How should the African-American story of the Civil War be told?
While slavery was the major issue separating the North and South, it was not slavery itself that sparked the conflict. The South wanted to secede from the Union, and the North refused. While President Abraham Lincoln personally opposed slavery, he recognized that it was legal under the U.S. Constitution at the time. He also recognized that few in the North were ready to go to war to free the slaves. For Lincoln and the northern majority, preservation of the Union was the foremost goal.
Freed Slaves during the Civil War
The "Negro question," as it was called, became an important issue early in the conflict. Most slaves were in fact "liberated" when the Union Army eliminated the local southern forces that kept them in slavery. They simply left their plantations to seek their freedom under the protection of northern military units. Union commanders had to decide how to deal with them. Early in the fighting in border states, slaves were sometimes returned to their masters in the hope of encouraging support for the Union.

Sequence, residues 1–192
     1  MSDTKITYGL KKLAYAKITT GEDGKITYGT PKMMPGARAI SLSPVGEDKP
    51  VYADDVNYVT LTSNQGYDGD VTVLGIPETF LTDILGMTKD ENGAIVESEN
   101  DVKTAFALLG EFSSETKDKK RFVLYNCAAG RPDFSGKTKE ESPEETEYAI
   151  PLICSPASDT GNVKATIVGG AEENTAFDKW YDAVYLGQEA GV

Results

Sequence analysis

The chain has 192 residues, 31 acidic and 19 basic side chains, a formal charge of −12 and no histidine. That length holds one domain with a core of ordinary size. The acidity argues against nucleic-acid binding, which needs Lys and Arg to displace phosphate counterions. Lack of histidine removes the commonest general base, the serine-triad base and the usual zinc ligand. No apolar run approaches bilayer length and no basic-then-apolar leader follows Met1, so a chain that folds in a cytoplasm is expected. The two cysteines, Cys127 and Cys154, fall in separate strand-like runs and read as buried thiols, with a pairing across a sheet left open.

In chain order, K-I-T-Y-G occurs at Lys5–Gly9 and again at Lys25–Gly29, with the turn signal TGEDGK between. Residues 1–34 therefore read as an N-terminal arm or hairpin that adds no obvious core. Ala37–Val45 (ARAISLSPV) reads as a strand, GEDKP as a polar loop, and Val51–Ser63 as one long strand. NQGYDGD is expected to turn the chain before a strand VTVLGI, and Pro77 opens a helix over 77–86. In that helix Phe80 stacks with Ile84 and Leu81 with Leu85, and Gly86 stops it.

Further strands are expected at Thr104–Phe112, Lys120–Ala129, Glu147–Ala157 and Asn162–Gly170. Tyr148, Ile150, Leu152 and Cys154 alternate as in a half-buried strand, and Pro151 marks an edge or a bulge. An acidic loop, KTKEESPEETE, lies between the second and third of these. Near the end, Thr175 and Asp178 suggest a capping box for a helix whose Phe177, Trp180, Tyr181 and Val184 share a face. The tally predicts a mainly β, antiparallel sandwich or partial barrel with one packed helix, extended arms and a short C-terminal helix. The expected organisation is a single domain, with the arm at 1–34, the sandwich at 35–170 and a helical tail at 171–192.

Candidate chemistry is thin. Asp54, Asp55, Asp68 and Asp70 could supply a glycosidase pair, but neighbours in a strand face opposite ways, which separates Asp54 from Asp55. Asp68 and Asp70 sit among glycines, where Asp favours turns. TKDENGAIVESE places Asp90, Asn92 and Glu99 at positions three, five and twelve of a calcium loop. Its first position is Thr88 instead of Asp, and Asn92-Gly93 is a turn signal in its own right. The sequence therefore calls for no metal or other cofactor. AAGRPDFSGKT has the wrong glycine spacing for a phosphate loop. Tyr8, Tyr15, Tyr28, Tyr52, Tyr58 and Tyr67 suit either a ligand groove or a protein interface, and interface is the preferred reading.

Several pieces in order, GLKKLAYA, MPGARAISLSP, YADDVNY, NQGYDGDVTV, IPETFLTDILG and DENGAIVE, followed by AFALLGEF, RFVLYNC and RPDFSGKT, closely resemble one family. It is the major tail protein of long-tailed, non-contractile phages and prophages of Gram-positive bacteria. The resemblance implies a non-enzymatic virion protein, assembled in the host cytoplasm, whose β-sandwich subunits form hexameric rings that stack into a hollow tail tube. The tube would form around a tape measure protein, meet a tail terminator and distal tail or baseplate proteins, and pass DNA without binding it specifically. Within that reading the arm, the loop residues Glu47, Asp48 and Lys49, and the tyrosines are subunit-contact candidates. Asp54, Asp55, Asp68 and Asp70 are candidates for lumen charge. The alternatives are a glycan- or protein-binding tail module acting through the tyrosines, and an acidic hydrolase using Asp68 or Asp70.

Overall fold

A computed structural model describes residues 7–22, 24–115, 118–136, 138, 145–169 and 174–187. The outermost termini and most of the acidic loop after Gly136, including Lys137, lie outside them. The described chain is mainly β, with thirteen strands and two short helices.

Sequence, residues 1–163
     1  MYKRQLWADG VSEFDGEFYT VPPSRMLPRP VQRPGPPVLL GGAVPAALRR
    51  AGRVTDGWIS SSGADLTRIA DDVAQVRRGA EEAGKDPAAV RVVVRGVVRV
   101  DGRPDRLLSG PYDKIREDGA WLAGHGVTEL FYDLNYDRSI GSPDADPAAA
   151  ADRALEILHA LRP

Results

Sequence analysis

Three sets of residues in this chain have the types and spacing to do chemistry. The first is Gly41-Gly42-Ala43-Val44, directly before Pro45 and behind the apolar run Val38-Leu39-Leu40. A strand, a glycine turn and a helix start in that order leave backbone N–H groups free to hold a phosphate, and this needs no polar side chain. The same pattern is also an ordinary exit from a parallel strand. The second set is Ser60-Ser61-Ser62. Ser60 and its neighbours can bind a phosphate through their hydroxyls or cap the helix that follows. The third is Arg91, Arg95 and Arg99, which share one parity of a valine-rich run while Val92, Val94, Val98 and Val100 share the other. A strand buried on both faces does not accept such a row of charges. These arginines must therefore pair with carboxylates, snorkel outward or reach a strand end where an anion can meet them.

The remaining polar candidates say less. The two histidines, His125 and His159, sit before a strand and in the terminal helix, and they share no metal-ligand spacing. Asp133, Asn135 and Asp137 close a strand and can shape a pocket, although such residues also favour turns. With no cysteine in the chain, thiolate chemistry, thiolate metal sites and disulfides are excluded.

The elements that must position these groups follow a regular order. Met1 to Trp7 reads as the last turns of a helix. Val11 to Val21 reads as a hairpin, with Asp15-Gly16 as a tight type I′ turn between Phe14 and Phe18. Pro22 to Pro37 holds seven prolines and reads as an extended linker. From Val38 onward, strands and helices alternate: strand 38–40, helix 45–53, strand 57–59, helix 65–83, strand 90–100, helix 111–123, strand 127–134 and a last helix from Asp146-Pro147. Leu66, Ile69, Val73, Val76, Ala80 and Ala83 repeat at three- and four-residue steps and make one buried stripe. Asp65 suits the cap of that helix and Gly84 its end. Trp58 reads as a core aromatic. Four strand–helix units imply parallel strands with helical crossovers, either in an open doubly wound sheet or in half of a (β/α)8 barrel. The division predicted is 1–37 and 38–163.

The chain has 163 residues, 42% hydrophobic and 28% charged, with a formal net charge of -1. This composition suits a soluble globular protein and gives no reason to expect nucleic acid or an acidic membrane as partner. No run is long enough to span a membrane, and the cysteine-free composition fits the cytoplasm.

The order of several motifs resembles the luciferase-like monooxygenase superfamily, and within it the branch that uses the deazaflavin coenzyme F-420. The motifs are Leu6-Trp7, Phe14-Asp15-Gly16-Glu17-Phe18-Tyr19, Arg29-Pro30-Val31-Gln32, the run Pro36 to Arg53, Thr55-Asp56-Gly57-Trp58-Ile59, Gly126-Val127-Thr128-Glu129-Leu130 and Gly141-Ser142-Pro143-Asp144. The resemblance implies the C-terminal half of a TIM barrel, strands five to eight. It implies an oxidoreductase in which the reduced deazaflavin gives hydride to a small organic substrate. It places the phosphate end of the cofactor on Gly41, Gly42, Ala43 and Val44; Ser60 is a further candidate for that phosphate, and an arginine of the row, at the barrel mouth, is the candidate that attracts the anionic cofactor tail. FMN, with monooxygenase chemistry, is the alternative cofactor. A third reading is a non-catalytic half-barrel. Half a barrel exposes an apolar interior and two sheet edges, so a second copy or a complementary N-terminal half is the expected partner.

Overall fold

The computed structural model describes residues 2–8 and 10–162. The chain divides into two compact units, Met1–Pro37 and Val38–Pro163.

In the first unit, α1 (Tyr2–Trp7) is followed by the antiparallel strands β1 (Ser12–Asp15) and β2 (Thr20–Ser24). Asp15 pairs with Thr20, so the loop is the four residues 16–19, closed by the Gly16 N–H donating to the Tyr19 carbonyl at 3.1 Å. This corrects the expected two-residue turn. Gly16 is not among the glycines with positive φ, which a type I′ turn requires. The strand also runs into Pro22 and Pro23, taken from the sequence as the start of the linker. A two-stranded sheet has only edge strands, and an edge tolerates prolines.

However, as more and more slaves walked to freedom, the army made provisions to use them as a resource. The army hired many to work in non-military roles — cooks, wagon drivers, blacksmiths, laundresses — but until later in the conflict, racial prejudice prevented arming former slaves and allowing to fight. As the war progressed, however, African Americans could sign up for combat units. By the end of the Civil War, some 179,000 African-American men served in the Union army, equal to 10 percent of the entire force. Of these, 40,000 African-American soldiers died, including 30,000 of infection or disease.
The Confederate armies did not treat captured African-American soldiers under the normal "Prisoner of War" rules. At Fort Pillow, Tennessee, there are claims that 300 African-American Union soldiers were massacred after they surrendered when they were badly outmatched by southern forces. This led President Lincoln to warn the South that the North would not participate in prisoner exchanges that were common wartime practice unless all Union soldiers of whatever race were treated by POW rules.